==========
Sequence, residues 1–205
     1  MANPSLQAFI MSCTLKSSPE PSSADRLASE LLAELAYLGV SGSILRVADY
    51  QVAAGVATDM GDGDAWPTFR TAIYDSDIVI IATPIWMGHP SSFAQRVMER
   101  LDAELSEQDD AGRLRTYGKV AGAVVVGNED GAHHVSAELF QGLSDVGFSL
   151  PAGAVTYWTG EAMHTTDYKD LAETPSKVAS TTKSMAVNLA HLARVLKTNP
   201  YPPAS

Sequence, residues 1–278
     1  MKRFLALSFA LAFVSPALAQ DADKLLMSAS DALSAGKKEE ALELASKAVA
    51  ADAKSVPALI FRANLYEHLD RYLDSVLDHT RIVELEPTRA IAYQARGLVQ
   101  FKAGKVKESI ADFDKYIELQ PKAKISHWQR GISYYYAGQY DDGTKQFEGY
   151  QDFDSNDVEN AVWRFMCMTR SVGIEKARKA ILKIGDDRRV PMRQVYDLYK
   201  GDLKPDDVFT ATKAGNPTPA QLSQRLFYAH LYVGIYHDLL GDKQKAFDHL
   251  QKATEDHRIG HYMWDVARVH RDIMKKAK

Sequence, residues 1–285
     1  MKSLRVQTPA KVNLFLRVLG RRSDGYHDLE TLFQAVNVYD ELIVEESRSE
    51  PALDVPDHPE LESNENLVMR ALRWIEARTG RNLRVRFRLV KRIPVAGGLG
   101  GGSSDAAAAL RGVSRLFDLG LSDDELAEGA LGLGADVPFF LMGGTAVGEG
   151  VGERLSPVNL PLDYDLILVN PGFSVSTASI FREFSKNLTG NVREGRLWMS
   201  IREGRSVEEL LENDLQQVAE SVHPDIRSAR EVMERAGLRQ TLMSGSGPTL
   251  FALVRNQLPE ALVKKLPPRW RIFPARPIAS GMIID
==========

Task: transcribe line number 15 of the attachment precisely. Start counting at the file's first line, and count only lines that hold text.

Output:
     1  MKSLRVQTPA KVNLFLRVLG RRSDGYHDLE TLFQAVNVYD ELIVEESRSE